As you know, Madam Acting Deputy President Moore, as a member of the Senate Select Committee on Medicare, the legitimate complaint of GPs is that they have to charge fees commensurate to their practice costs, which have increased dramatically in recent years. There are a whole lot of reasons for that, technology being one, compliance costs being another. But the schedule fee has not kept pace with GPs' costs. It just has not, and we know that. That is the major problem in this whole debate. GPs believe—and I agree with them—that the schedule fee is well below what they charge. This proposal does nothing about that. We had a policy we put to the people which would have increased doctors' incomes, particularly in areas where the rate of bulk-billing is low. Our policy would have increased doctors' incomes by substantial amounts per year—in excess of $25,000 in some cases.

Senator FORSHAW —Senator McGauran says he does not remember them. Senator McGauran, you obviously have not been paying attention. We had that policy and your party attacked us for it. We were trying to help GPs—small business men. We were trying to help these doctors and your party rejected our ideas.

Senator McGauran —Why don't you help the patients?

Senator FORSHAW —That would have helped the patients, Senator McGauran, because the patients would have been more likely to have been bulk-billed under those arrangements than they will be under these arrangements. This policy, this proposal, is not going to do anything to increase rates of bulk-billing.

Another problem is that it does not do anything at all about specialist fees. We know that specialists by and large do not bulk-bill at all—or, if they do, they only bulk-bill concession card or health card holders—and the fees that specialists charge are obviously much, much higher. This is one of the major reasons why the government brought in its scheme to cover out-of-pocket costs. There has been nothing done by this government to try and assist people to be bulk-billed by specialists. It has just been ignored.

In an excellent speech by Senator Allison, where she went through some of the details of earlier proposals to reform Medicare or to supposedly improve Medicare or, as it was said at the time, to make it fairer, she referred to the proposal to allow the private health insurance industry to provide gap insurance for out-of-pocket hospital costs. That proposal just did not fly. Everyone rejected that, except the private health companies of course, and we saw the demise of Senator Patterson as the minister. She lost her portfolio and it has now gone to Mr Abbott.

The approach of this government all along has been to try and wean people away from Medicare by propping up private health insurance. They make no bones about that. What they do, however, is try and say that they are really defenders of Medicare. It is all on the record. I have said it many times and so have many others. The government and this Prime Minister have had an ideological obsession with opposing Medicare since it was introduced by the Hawke government. They have tried every way possible to undermine it, to even abolish it. They said they would get rid of it. The only time they have ever been honest about Medicare was when Mr Howard said to the Australian public, `We will get rid of Medicare,' and the coalition did not win that election in 1993, or earlier elections either. You got beaten because the people were never going to cop it. So you knew that in order to crawl your way back into office you had to put Medicare in the bottom drawer and say, `We actually support Medicare,' and now that you are in office you have done very little to sustain it. I am afraid that under this government, whilst you continue to just put forward these little measures—this one of course will be of benefit to some—at the end of the day the commitment is not really there. I will be looking with interest to see what happens to doctors charges and fees over the next 12 months.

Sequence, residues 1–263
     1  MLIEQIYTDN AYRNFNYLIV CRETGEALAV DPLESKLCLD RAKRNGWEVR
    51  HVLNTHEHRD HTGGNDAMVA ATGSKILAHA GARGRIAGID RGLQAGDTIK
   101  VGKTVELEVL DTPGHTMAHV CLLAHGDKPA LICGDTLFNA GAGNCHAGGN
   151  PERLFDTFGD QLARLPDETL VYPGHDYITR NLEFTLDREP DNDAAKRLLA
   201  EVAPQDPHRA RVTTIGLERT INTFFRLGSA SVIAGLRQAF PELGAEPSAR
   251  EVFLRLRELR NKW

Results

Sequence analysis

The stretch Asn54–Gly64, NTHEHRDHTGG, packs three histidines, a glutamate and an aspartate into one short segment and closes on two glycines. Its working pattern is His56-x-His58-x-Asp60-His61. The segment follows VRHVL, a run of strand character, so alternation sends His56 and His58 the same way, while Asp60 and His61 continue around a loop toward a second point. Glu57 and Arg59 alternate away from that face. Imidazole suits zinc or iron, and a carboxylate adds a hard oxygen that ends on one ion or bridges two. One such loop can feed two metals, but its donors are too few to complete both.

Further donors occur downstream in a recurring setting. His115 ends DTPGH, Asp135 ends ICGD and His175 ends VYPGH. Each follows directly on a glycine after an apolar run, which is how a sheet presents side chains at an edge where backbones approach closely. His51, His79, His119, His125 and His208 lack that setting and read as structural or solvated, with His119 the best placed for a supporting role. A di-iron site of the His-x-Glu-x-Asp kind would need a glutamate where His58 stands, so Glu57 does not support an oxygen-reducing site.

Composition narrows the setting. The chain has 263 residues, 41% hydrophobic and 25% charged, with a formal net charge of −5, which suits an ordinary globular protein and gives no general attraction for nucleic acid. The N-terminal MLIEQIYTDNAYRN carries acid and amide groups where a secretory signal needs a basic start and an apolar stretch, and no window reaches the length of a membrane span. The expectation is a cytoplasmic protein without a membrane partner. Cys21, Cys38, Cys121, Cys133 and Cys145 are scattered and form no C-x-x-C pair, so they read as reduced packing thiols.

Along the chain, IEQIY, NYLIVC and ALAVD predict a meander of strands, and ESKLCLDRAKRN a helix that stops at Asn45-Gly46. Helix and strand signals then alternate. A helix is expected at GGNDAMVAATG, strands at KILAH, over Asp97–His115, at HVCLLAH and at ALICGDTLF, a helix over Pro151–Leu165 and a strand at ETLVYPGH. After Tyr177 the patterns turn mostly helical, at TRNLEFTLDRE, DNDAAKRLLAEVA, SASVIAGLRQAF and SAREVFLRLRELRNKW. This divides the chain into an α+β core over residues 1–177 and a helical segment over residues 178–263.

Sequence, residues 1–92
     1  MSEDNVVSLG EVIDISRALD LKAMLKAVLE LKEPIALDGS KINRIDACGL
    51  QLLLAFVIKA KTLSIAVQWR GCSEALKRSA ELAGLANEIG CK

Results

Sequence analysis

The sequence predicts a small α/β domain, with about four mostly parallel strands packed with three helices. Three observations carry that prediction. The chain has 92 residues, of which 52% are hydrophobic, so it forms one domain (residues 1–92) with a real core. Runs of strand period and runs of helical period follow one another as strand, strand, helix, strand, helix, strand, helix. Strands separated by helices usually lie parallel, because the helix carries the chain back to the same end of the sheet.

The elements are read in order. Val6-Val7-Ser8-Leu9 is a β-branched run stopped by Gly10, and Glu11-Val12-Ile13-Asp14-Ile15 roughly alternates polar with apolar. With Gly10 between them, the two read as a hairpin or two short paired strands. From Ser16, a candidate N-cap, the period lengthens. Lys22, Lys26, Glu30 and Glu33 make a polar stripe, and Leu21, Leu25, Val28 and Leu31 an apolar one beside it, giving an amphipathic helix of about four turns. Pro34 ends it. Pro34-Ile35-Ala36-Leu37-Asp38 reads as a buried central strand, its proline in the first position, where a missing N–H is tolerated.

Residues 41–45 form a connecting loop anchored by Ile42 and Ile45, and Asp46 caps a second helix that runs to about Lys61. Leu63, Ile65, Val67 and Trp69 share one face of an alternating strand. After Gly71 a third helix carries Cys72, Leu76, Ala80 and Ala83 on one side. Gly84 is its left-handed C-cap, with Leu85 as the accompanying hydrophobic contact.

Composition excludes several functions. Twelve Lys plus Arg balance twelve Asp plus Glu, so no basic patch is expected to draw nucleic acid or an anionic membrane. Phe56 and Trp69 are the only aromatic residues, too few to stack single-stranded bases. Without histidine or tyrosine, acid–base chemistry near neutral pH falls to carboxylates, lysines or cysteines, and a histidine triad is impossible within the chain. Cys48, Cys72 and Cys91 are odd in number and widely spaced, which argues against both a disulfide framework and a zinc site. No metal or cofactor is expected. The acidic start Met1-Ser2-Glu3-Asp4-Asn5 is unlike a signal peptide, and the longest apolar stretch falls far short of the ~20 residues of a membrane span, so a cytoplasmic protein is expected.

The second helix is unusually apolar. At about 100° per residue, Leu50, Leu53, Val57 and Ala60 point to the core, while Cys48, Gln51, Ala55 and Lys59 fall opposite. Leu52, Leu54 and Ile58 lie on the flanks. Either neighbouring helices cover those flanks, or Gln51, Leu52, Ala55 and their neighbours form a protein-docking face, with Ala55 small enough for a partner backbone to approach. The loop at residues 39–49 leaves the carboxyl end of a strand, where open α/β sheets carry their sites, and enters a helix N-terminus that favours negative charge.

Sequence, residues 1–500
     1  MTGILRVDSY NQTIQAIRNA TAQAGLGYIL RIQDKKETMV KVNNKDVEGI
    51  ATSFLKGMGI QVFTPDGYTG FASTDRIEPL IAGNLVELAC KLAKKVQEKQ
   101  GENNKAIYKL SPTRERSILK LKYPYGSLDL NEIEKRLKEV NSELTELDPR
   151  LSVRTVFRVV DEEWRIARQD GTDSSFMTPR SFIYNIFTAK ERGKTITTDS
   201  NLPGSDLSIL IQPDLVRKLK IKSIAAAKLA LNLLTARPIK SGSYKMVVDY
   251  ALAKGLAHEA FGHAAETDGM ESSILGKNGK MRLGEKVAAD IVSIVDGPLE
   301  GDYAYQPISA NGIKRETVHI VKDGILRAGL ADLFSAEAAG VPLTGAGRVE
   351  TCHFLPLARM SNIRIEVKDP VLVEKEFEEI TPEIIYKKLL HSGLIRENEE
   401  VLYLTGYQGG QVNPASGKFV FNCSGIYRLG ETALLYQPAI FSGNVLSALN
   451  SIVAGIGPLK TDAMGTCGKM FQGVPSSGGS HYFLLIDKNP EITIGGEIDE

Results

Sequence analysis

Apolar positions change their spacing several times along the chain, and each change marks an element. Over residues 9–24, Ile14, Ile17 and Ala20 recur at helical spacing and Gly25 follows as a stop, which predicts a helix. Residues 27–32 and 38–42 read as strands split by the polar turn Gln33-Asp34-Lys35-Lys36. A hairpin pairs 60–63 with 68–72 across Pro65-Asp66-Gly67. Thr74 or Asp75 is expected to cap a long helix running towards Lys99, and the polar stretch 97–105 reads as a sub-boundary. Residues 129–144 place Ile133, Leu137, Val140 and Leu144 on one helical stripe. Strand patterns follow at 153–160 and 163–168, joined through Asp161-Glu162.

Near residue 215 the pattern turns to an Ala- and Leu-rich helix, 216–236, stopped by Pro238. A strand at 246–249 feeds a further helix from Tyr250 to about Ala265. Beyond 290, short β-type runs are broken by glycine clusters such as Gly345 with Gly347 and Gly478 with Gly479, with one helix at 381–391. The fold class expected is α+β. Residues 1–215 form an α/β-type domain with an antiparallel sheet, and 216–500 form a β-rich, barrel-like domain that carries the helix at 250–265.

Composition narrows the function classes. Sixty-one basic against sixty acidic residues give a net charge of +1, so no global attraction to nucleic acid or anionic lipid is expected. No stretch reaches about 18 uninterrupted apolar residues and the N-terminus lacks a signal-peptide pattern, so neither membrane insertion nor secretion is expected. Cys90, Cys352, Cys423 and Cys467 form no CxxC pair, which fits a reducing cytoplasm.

What will happen, I predict, is that a lot of this increase in the rebate will not ultimately be passed on to the patient. They will ultimately just be met with higher fees. We have already been put on notice again by the private health insurance industry. Despite the 30 per cent rebate, despite the proposal by this government to increase the level of that rebate for older Australians, they are queuing up again to ask for more increases in premiums—another five, six or seven per cent. They have got their hand out every year. Thank God that the National Party are not in there, because they would probably be doing what they are doing in a few other areas. They would be just throwing the money back at them. I conclude with those remarks. We are supporting the bill, but this government cannot hold its head high at all when it comes to supporting Medicare.